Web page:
Magazine | March 14, 2016, Issue

In the Cartoons

Ryan Reynolds in Deadpool (Joe Lederer/20th Century Fox Film Corporation)

Here is the pitch. Deadpool is unlike any other superhero movie that you’ve ever seen. It’s savage, profane, darkly comic, and subversive. It’s a hard “R” for sex and violence — and kinky sex, at that. Its hero is actually an anti-hero: not just a brooder like Batman but a genuine jerk who doesn’t really grow or learn or sacrifice himself for the greater good of Gotham or Metropolis or Planet Earth. So if you want something genuinely unusual — if you’re tired of all the carbon-copy caped crusaders, bored with the 17-odd Avengers movies and the endless Spidey reboots, and dreading the lugubrious Zack Snyder take on “Batman vs. Superman” — well, then, Deadpool is definitely the superhero movie you’ve been waiting for.

Here is the reality. All of this might be true, but only so long as “you” are about 15 years old and male. Of course a 15-year-old isn’t technically allowed to see Deadpool, thanks to that “R” rating I just mentioned. But given that the movie’s extraordinary box office (it made a ridiculous $134 million in its opening weekend) skewed heavily toward men under the age of 25, I’m willing to bet that more than a few of them were MPAA scofflaws, and young enough to experience the movie the way it was meant to be experienced: in the hormonally crazed, sarcasm-besotted state, all sexual anxiety and chest-hair envy, in which so many young men spend the first few years of puberty. (Not me, of course. I’m just thinking about, um, my friends at that age. Poor guys, it sure was tough for them.)

I do not begrudge those teenagers their joy. For what it is, Deadpool is moderately entertaining. It hands Ryan Reynolds, whose career was all but destroyed by his turn as the Green Lantern, a superhero role that fits his distinctive talent for embodying untrustworthy snark addicts. It has a script that adequately, if not brilliantly, deploys various inside jokes (a few of them at the expense of Reynolds himself) and makes sport of various rival superheroes. Morena Baccarin, playing Reynolds’s love interest, is really hawt in a way that not only teenagers can appreciate. The first big action scene is well choreographed. There’s a nice insult-comic patter to the hero’s obnoxiousness. I wasn’t bored; sometimes I laughed.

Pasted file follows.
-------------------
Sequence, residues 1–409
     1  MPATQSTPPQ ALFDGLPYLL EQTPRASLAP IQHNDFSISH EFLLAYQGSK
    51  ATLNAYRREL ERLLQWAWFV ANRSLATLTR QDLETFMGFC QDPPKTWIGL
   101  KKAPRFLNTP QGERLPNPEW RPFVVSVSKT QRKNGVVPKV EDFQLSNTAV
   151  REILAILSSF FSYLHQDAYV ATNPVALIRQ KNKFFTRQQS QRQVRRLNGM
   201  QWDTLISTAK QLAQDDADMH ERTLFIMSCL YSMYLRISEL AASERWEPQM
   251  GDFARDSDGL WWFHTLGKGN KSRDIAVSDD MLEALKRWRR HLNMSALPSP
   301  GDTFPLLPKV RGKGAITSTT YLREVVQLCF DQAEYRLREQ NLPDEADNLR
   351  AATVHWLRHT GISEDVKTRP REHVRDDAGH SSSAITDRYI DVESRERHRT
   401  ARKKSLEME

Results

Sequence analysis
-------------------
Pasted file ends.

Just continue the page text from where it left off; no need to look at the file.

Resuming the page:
But as Marco Rubio might say, let’s dispel with the idea that there’s something boldly original here. Like President Obama, Deadpool knows exactly what it’s doing — and what it’s doing is giving us something we’ve seen many times before, but with just enough kink and gore and knowing cynicism to flog our flagging appetite for men in tights.

A plot summary should suffice to make this clear. Reynolds’s Deadpool starts out as Wade Wilson, a former special-ops soldier who now works as some sort of mercenary-cum-hitman, though the only “hit” we see him carry out involves scaring a teenage stalker straight. He falls in love with Baccarin’s Vanessa, a hooker with a heart of gold (really), and they’re about to live happily ever after when he’s hit with an unexpected cancer diagnosis. With months to live, he’s approached by a shadowy group headed by a sinister Brit (Ed Skrein), which offers him a cure that promises to turn him into, basically, an X-Man, by expressing his latent mutant genes.

Except that they actually intend to transform him and enslave him, and the process makes him look like a hideous burn victim in addition to granting him super strength and instant regenerative power. So after he escapes, he dons a mask and suit to hide his scars, hooks up with some superbuddies (two of the lesser-known X-Folks) and a comic-relief sidekick, and sets out to get revenge and reclaim the woman he loves.

Is there anything that’s genuinely bold or shocking in here? Does anything genuinely unexpected happen in between the bare breasts and curse words and smart-aleck monologuing? For instance, does our supposed anti-hero actually kill anyone who doesn’t seem to deserve it? Are there any actual shades of gray between the good guys and the bad?

The answers are no and no, and indeed the movie is literally upfront about its predictability. Instead of cast and crew, its opening credits just list the clichés that Deadpool will repurpose: “a British villain,” “a hot chick,” “a gratuitous cameo,” and “an entirely CGI character.” (Reynolds, the star, is billed as “God’s perfect idiot,” the producers are given an unprintable description, and the writers are billed as “the real heroes here.”)

This preemptive self-deprecation is charming, but by the time the movie reaches its tedious, thumping, airless climax, that charm has worn a little thin. Deadpool is a coarse little trifle, a diversion for the teenaged of body and spirit, and if you grade it on that (admittedly morally problematic) curve it’s not so bad.

But the “bold, daring, and dark” pitch that’s earned it a bazillion dollars is just nonsense, and the fact that both audiences and critics seem to think there’s something truly fresh here is a sign of just how totalitarian the reign of superheroes has become: Even our imagination seems unable to conceive of a genuine and meaningful escape.

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